To ensure correctness, it suffices to show that for every bit \(b\), if \(C\) is the encryption of \(b\) then it is an \((n\log q)\times (n \log q)\) matrix satisfying

\(CQ^\top s = bQ^\top s + e\)

where \(\max |e_i| \ll q\).

For starters, let us see that the dimensions make sense: the encryption of \(b\) is computed by \(C=\widehat{bQ^\top +D}\) where \(D\) is an \((n\log q)\times n\) matrix satisfying \(|Ds|_i \leq \sqrt{q}\) for every \(i\) and \(I\) is the \((n\log q)\times (n\log q)\). Since \(Q^\top\) is also an \((n \log q) \times n\) matrix, adding \(bQ^\top+D\) makes sense and applying the \(\hat{\cdot}\) operation will transform every row to length \(n\log q\) and hence \(C\) is indeed a square \((n\log q)\times (n \log q)\) matrix.

Let us now see what this matrix does to the vector \(v=Q^\top s\). Using the fact that \(\hat{M}Q^\top = M\) for every matrix \(m\), we get that

\(Cv = (bQ^\top + D) s = bv+ Ds\)

But by construction \(|(Ds)_i| \leq \sqrt{q}\) for every \(i\), hence completing the proof of correctness.

CPA Security

To show CPA security we need to show that an encryption of \(0\) is indistinguishable from an encryption of \(1\). However, by the security of the pseudorandom generator, an encryption of \(b\) computed according to our algorithm will be indistinguishable from an encryption of \(b\) obtained when the matrix \(D\) is a random \((q\log n)\times n\) matrix. Now in this case the encryption is obtained by applying the \(\hat{\cdot}\) operation to \(bQ^\top +D\) but if \(D\) is uniformly random then for every choice of \(b\), \(bQ^\top + D\) is uniformly random (since a fixed number plus a random number modulo \(q\) yields a random number) and hence the matrix \(bQ^\top + D\) (and so also the matrix \(\widehat{bQ^\top+D}\)) contains no information about \(b\). This completes the proof of CPA security (can you see why?). If we want to plug in this scheme in the bootstrapping theorem, then we will also assume that it is circular secure. It seems a reasonable assumption though unfortuantely at the moment we do not know how to derive it from LWE. (If we don’t want to make this assumption we can still obtained a leveled fully homomorphic encryption as discussed in the previous lecture.)


Let \(v=Qs\), \(b\in{\{0,1\}}\) and \(C\) be a ciphertext such that \(Cv = bv + e\). We define the noise of \(C\), denoted as \(noise(C)\) to be the maximum of \(|e_i|\) over all \(i\in[n\log q]\). We make the following claim:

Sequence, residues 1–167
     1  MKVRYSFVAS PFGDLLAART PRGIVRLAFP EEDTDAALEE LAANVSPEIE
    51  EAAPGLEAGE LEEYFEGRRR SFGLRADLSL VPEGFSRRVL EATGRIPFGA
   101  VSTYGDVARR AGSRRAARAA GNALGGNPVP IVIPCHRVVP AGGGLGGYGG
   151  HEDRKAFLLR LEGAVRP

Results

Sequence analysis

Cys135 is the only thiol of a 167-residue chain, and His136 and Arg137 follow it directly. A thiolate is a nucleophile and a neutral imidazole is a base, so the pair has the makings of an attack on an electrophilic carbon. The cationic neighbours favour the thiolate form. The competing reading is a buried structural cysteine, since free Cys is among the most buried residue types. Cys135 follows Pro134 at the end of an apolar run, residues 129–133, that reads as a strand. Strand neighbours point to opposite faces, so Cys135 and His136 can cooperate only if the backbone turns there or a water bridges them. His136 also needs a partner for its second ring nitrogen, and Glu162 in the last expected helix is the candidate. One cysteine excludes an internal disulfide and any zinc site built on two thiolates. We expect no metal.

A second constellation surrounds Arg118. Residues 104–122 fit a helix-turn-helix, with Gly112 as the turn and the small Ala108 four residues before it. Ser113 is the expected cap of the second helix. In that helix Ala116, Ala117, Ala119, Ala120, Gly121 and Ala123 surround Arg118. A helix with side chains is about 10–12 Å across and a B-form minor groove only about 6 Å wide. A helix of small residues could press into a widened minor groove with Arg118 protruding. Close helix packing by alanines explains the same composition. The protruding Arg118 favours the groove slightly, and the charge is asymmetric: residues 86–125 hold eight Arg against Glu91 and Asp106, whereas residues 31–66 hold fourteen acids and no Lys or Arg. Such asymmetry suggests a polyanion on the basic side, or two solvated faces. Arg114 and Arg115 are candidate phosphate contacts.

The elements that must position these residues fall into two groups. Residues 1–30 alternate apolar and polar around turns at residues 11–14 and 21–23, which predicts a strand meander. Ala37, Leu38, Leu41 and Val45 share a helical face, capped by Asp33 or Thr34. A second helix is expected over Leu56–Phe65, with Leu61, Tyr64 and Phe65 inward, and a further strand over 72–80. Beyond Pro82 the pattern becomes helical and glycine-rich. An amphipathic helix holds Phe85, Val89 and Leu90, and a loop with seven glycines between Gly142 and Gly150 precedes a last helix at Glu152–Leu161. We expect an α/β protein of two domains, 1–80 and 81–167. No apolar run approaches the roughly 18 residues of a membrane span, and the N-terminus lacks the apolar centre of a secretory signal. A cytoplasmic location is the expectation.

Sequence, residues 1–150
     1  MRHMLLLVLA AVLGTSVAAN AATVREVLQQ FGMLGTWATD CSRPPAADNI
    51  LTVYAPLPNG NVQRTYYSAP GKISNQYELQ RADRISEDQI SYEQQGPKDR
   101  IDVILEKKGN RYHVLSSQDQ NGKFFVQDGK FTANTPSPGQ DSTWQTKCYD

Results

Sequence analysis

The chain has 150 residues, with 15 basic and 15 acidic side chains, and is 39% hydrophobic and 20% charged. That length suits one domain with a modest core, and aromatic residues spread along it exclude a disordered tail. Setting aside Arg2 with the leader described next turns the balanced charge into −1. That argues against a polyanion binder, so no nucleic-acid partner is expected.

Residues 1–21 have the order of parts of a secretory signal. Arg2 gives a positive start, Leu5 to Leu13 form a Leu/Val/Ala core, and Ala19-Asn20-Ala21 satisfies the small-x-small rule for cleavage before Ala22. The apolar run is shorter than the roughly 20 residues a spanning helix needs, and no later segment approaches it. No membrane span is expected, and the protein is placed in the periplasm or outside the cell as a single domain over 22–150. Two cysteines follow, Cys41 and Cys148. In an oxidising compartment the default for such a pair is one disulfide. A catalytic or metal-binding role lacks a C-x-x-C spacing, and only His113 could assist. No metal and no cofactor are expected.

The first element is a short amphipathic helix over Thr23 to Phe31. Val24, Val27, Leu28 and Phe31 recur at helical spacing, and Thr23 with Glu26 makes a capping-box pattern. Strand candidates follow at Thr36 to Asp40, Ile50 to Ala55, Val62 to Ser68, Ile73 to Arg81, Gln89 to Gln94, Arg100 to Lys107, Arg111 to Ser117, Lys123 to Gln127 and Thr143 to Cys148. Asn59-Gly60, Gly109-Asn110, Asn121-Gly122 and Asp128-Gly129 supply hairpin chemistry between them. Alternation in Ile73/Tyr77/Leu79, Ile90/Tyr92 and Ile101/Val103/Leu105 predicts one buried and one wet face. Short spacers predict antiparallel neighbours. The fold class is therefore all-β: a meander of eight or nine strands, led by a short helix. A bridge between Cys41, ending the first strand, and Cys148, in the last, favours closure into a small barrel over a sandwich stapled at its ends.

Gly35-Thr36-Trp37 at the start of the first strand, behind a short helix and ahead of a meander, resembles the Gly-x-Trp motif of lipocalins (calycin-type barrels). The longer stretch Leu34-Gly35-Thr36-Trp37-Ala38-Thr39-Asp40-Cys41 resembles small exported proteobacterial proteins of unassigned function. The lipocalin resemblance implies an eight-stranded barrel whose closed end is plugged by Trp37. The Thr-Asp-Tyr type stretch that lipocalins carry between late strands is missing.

Lemma (noisy homomorphism): Let \(C,C'\) be ciphertexts encrypting \(b,b'\) respectively with \(noise(C),noise(C')\leq q/4\). Then \(C''=C {\overline{\wedge}}C'\) encrypts \(b\; NAND\; b'\) with

\(noise(C'') \leq (2n\log q)\max\{ noise(C), noise(C') \}\)

Proof: This follows from the calculations we have done before. We get that

\(\widehat{CQ^\top}C'v = \widehat{CQ^\top}(b'v+e') = b'\widehat{CQ^\top}Q^\top s + \widehat{CQ^\top}e' = b'(Cv)+ \widehat{CQ^\top}e' = bb'v + b'e+ \widehat{CQ^\top}e'\)

But since \(\widehat{CQ^\top}\) is a \(0/1\) matrix with every row of length \(n\log q\), for every \(i\) \((\widehat{CQ^\top}e')_i \leq (n\log q)\max_j |e_j|\). QED

Shallow decryption circuit

Recall that to plug in our homomorphic encryption scheme into the bootstrapping theorem, we needed to show that for every ciphertexts \(C,C'\) (generated by the encryption algorithm) the function

\(f(d) = D_d(C) \;NAND\; D_d(C')\)

can be homomorphically evaluated where \(d\) is the secret key and \(D_d(C)\) denotes the decryption algorithm applied to \(C\).

In our case the secret key is the descrption \(\hat{s}\) of our vector \(s\) as a bit string of length \(n\log q\). Given a ciphertext \(C\), the decryption algorithm takes the dot product modulo \(q\) of \(s\) with the first row of \(CQ^\top\) and outputs \(0\) (respectively \(1\)) if the resulting number is small (respectively large). By repeatedly applying the noisy homomorphism lemma, we can show that can homorphically evaluate every circuit of NAND gates whose depth \(\ell\) satisfies \((2n\log q)^\ell \ll q\). If \(q = 2^{\sqrt{n}}\) then (assuming \(n\) is sufficiently large) then as long as \(\ell < n^{0.49}\) this will be satisfied. In particular to show that \(f(\cdot)\) can be homomorphically evaluated it will suffice to show that for every fixed vector \(c\in {\mathbb{Z}}_q^{n\log q}\) there is a \(polylog(n) \ll n^{0.49}\) depth circuit \(F\) that on input a string \(\hat{s}\in{\{0,1\}}^{n \log q}\) will output \(0\) if \(|{\langle c,\hat{s} \rangle}| < q/10\) and output \(1\) if \(|{\langle c,\hat{s} \rangle}| > q/5\). (We don’t care what \(F\) does otherwise. The above suffices since given a ciphertext \(C\) we can use \(f\) with the vector \(c\) being the top row of \(CQ^\top Q\), and hence \({\langle c,\hat{s} \rangle}\) would correspond to the first entry of \(CQ^\top s\). Note that if \(F\) has depth \(\ell\) then the function \(f()\) above has depth at most \(\ell+1\).)